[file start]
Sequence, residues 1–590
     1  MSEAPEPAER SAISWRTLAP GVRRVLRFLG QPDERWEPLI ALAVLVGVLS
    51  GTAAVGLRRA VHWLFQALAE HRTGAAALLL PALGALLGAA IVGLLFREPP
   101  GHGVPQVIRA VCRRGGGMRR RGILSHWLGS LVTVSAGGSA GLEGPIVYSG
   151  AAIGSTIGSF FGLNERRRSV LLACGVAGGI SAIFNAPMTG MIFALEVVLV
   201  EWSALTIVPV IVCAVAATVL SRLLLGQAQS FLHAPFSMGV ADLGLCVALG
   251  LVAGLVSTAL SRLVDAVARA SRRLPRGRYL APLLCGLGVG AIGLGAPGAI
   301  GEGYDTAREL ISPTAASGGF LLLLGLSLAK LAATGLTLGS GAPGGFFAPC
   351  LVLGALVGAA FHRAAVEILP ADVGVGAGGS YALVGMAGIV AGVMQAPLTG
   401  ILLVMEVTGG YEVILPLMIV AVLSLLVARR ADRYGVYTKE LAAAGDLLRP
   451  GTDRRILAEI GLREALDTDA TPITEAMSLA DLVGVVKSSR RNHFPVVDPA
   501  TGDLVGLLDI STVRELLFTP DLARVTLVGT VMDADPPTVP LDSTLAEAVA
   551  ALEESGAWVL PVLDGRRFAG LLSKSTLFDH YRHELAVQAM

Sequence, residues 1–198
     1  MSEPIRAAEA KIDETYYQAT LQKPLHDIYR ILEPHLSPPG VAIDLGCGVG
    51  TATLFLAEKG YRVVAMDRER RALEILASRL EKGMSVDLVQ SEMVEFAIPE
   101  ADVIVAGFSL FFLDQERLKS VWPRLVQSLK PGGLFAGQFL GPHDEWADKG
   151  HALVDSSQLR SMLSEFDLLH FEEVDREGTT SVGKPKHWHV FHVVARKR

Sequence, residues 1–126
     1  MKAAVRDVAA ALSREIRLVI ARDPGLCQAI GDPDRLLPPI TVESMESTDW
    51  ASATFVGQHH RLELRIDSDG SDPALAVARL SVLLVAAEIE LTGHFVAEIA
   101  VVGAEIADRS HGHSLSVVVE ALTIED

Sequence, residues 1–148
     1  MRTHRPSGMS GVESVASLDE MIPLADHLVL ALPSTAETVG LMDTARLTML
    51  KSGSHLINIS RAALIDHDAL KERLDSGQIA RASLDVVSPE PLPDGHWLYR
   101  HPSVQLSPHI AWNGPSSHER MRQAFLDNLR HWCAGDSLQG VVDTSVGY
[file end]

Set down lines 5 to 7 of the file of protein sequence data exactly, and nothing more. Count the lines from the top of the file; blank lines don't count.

   151  AAIGSTIGSF FGLNERRRSV LLACGVAGGI SAIFNAPMTG MIFALEVVLV
   201  EWSALTIVPV IVCAVAATVL SRLLLGQAQS FLHAPFSMGV ADLGLCVALG
   251  LVAGLVSTAL SRLVDAVARA SRRLPRGRYL APLLCGLGVG AIGLGAPGAI